It is only about 10 days away, but Father’s Day is often a bit of an odd experience for priests. Many people of good will offer insights to which we priests might just smile, say thank you, and then try to decide how to understand.
Yes, there is kindliness in hearing that we are “fathers too” and working at Catholic Memorial High School, I will inevitably get asked what it is like to have 700 kids.
Then others will openly lament that we are not “allowed” to be fathers, or that it is sad that we don’t really know the experiences which fathers have.
Being a priest on Father’s Day is a chance to impartially view fatherhood and also to acknowledge the natural tug of the heart which we willingly and lovingly sacrificed for the sake of Holy Orders.
Taking the time to sit back and seriously contemplate the role and responsibilities of parents in general, and fathers in particular, is for me a humbling effort. In some ways choosing the celibacy of priesthood might be the easier path.
In his general audience of Feb. 4, 2015, Pope Francis spoke of the role of the Christian father. His Holiness felt the message of the good father to his children could be summarized in this way: “This is what I wanted to leave to you, that this one thing become yours: the attitude to feel and act, to speak and judge with wisdom and rectitude. And that you might be like this, I taught you the things you didn’t know, I corrected the errors you didn’t see. I made you feel a profound and at the same time discrete affection, which maybe you did not fully recognize when you were young and unsure. I gave you a testimony of rigor and steadfastness that perhaps you didn’t understand, when you would have liked only complicity and protection.”
These words are almost a soliloquy – insightful, clear and challenging. The pope’s reflections on what the good father must strive to teach, how to teach, and how it will be received, are far weightier than the world would seem to affirm.
Judging by the world of entertainment, or politics, or to look at entire impoverished sections of some cities, fathers and true fatherhood seem to have been deemed unnecessary. But for Christians, this is impossible to understand, or to accept.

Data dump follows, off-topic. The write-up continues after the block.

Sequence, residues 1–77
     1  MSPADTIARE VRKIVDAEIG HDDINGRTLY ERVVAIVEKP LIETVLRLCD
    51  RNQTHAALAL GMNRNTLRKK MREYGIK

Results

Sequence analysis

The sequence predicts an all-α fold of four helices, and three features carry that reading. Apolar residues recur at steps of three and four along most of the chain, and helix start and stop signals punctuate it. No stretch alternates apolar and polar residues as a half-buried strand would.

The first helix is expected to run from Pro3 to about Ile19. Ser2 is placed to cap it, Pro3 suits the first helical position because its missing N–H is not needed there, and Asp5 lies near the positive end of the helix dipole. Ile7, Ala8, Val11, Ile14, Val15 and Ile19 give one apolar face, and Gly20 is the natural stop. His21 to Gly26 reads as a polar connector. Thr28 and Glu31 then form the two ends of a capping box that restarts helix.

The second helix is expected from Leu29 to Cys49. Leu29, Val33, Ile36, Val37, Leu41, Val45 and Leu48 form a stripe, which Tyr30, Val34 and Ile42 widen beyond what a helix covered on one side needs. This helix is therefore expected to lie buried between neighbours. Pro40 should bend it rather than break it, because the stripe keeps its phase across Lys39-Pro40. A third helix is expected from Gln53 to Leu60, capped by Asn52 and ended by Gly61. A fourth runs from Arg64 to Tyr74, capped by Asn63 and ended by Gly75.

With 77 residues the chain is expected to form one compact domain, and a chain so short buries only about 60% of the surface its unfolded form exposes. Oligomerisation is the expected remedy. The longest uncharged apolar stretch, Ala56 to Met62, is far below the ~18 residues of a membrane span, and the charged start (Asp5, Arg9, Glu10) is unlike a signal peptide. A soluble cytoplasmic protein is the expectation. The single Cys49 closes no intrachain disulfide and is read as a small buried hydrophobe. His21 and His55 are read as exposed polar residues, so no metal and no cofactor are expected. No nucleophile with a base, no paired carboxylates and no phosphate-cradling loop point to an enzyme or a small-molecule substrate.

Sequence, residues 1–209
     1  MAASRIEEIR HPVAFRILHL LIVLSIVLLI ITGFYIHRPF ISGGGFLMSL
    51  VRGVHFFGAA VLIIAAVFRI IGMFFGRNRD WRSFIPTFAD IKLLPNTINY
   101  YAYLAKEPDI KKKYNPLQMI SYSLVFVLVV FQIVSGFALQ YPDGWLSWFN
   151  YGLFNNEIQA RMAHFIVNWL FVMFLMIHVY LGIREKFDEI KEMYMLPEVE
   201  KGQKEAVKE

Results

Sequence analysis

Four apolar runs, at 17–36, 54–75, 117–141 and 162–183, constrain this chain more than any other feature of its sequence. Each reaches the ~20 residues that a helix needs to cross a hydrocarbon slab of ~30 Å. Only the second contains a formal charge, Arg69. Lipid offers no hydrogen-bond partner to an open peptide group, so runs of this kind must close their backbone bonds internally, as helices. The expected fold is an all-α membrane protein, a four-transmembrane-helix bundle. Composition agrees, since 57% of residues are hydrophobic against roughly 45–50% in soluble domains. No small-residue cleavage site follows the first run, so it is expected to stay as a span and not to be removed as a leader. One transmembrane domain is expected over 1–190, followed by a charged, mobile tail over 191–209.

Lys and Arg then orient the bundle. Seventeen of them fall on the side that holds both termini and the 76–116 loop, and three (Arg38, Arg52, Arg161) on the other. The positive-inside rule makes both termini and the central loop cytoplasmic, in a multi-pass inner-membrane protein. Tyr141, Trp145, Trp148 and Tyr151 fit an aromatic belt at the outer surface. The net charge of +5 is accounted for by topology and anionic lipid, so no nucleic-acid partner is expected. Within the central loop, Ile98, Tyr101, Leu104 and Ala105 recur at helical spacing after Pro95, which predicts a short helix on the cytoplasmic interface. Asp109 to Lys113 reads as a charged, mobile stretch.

Fatherhood is a singularly important means to understanding what God offers to us. Jesus’ consistent and intentional invocation of his Father cannot be dismissed.
Numerous passages of Scripture only make proper sense to us when fatherhood is important, alive and vibrant. Fatherhood possesses complementarity and equality with motherhood. While distinct, both inform so much of the work of communities, extended families, and of the church.
Essentially, we cannot know the fullness of what we receive from God without a proper understanding of fatherhood. Nor do we have a full understanding of the loving gift we must give to a new generation, or to a neighbor, or to anyone in need, without a proper understanding of fatherhood.
Reread the words of Pope Francis above. While any person of Christian goodwill can and should take on this obligation, to view them as the heart of the mandate of a father who lovingly takes on the obligation of making a life offering to his son or daughter, gives the words special vibrancy and greater inspiration.
To have a good example of fatherly love in your life can transform your own parenting and your own understanding of God’s love being offered to us each day.
After the unfortunate death of my father, I was raised by a single mom. Raising up and appreciating the purpose and power of Christian fatherhood in no way lessens what my mother did for my siblings and me. Maybe like the priest who looks at Father’s Day from a unique point of view, those raised in homes like mine can look upon fatherhood with a unique appreciation.
There is a verse in the Book of Proverbs which very likely was part of the inspiration for the Holy Father’s reflection on fatherhood. “My son, if your heart is wise, my heart also will rejoice; and my inmost being will exult, when your lips speak what is right.” (Prv 23:15-16)
Fathers are to pass on wisdom and are to teach the means to speak and do what is right. Another prayer of the church asks that hope will live on in our children. Taken together, I believe that on Father’s Day people of faith celebrate and give thanks for the fact that every father truly becomes a father when he is for his children a herald of hope!